This specific ISBN edition is currently not available.View all copies of this ISBN edition:
This book presents a wide-ranging study of Pauline ethics, examining how Paul's moral discourse envisages and constructs communities in which there is a strong sense of solidarity but also legitimate difference in various aspects of ethical practice. Unlike many books on New Testament ethics, this work reads New Testament texts with an explicit awareness of contemporary ethical theory, and attempts to assess Paul's contribution as a moral thinker in the context of modern debate.
The contents include a survey of the variety of approaches to understanding Pauline ethics and of the contemporary liberal-communitarian debate. Using a framework indebted to the social sciences, as well as to contemporary ethical theory, various chapters go on to examine the construction of community in Paul's letters, the notions of purity, boundaries and identity, Paul's attempts to deal with diversity in his churches, the role of imitating Christ in Paul's ethics, and the ethic Paul develops for interaction with 'outsiders'. Finally, the pattern of Paul's moral thinking is considered in relation to the liberal-communitarian debate, with explicit consideration given to the central moral norms of Pauline thought, and the prospects for, and problems with, appropriating these in the contemporary world. It is argued that, while Paul's ethics raise problems which prevent their easy application today, by thinking with, beyond, and sometimes against Paul, we can find in his letters valuable resources for the pressing moral tasks that confront us.
"synopsis" may belong to another edition of this title.
David G. Horrell is Professor of New Testament Studiesat the University of Exeter, UK. He is the author of several books, includingAn Introduction to the Study of Paul (T&T Clark, Second Edition 2006) and Solidarity and Difference (T&T Clark, 2005). He was the editor of the Journal for the Study of the New Testament from 2002-2007. He is an active member of the British New Testament Society, having chaired the Social World of the New Testament Seminar from 2001-2006, andis also a member of the Society for Biblical Literature (SBL) and Society for New Testament Studies (SNTS). He completed his PhD at Cambridgeon Paul's Corinthian letters and the letter known as 1 Clement.Review:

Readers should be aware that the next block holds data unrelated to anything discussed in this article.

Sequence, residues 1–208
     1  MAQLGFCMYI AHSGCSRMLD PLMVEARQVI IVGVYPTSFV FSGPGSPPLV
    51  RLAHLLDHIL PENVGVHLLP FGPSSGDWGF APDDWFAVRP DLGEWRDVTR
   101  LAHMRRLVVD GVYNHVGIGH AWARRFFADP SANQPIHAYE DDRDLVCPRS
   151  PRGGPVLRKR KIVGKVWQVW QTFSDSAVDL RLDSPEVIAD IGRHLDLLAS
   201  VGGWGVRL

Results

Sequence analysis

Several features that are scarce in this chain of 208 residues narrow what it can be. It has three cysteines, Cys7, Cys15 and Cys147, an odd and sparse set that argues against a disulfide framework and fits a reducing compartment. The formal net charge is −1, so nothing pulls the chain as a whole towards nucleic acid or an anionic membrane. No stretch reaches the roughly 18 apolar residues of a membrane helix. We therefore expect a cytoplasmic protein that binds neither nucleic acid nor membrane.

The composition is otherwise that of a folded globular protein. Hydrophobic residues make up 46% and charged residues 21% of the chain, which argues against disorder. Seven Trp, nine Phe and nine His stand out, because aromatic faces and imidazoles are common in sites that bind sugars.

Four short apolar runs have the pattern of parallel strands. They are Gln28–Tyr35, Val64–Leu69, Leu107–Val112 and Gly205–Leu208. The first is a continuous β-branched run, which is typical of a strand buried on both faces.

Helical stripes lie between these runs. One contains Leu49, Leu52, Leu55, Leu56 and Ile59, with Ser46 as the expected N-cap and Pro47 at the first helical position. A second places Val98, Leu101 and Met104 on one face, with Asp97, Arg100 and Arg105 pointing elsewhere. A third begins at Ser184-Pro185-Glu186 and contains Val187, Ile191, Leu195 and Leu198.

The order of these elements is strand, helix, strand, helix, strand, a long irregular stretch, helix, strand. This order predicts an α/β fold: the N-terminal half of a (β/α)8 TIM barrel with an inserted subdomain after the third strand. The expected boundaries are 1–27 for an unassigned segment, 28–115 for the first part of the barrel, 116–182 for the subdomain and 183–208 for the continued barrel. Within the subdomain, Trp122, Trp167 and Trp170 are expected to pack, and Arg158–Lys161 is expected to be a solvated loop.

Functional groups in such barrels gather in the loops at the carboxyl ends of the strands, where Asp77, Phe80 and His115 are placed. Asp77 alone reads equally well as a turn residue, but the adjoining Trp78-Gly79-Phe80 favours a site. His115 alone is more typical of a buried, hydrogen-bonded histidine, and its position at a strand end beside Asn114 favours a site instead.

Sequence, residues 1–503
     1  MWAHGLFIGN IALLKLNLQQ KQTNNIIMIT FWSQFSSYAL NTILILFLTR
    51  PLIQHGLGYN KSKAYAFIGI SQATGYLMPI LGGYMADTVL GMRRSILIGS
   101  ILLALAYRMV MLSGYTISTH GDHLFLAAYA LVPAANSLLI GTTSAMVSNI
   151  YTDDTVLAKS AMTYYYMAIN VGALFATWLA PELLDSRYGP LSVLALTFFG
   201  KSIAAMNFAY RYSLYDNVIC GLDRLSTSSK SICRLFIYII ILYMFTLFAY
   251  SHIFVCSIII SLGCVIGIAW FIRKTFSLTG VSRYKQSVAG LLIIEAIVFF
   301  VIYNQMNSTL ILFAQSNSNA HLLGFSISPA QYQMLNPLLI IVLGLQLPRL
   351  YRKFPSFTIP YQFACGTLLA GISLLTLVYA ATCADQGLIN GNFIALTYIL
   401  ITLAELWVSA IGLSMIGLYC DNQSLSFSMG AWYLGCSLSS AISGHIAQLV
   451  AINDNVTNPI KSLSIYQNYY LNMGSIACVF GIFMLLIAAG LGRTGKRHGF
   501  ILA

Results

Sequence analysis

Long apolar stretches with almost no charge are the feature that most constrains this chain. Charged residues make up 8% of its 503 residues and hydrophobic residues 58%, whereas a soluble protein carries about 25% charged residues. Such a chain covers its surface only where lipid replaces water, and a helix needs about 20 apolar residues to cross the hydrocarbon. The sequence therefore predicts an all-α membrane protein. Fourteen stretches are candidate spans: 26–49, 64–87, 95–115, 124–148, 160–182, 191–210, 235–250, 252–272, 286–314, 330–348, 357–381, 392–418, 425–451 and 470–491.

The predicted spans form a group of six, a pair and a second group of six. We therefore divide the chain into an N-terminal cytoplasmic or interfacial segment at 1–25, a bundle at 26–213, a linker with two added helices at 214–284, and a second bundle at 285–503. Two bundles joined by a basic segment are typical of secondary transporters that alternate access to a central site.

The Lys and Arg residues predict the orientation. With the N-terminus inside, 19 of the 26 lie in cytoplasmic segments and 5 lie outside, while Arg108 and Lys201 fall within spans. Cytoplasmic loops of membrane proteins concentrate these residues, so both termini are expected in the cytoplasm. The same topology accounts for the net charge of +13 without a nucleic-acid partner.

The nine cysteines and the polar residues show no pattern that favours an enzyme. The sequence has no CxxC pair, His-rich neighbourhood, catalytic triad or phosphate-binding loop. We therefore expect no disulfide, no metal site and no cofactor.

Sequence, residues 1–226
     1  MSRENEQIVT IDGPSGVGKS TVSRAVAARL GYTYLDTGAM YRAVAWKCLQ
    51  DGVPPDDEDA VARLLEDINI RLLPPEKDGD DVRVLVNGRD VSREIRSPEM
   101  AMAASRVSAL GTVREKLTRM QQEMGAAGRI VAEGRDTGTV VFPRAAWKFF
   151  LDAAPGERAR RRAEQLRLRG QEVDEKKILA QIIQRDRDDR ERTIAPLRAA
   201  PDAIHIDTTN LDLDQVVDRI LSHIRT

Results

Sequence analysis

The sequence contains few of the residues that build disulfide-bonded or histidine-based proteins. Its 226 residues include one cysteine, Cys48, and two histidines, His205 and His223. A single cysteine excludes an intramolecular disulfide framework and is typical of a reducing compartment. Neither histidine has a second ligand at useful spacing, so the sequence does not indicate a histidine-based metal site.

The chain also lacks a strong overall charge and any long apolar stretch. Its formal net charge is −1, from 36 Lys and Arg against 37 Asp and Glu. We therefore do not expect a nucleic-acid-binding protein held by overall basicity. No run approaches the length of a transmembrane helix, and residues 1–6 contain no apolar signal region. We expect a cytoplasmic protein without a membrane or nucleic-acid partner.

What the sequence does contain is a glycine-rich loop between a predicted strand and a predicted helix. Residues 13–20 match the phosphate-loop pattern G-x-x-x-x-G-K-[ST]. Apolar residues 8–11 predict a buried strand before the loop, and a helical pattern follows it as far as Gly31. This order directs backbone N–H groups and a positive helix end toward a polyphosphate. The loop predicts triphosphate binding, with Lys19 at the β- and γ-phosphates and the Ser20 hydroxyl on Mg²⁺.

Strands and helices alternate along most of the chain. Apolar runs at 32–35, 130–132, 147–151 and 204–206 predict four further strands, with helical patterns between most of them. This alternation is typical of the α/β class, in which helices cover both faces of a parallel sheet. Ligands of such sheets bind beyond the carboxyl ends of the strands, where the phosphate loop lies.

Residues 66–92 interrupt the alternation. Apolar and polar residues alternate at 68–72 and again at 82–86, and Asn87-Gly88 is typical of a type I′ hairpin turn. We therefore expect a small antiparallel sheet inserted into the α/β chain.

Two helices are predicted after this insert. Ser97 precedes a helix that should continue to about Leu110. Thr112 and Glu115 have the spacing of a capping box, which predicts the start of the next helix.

'David Horrell's nuanced study significantly advances the conversation about Pauline ethics. Engaging in patient and respectful dialogue with a variety of scholarly viewpoints, Horrell depicts a Paul whose deepest moral commitments focus on community solidarity and other-regard, as defined by the pattern of Christ's self-giving death. His judicious exegesis shows that Paul's ethics cannot be boxed in to either a "communitarian" or a "liberal" perspective; thus, Horrell's reading of Paul offers a mediating voice that suggests a way beyond certain impasses in contemporary ethical debate. At the same time, the book shows how social-scientific analysis of Paul's letters can be brought into fruitful engagement with theological exegesis. Anyone who reads Horrell's richly synthetic work, therefore, will be challenged to think more precisely about matters of central importance.' Richard B. Hays, George Washington Ivey Professor of New Testament, The Divinity School, Duke University, USA.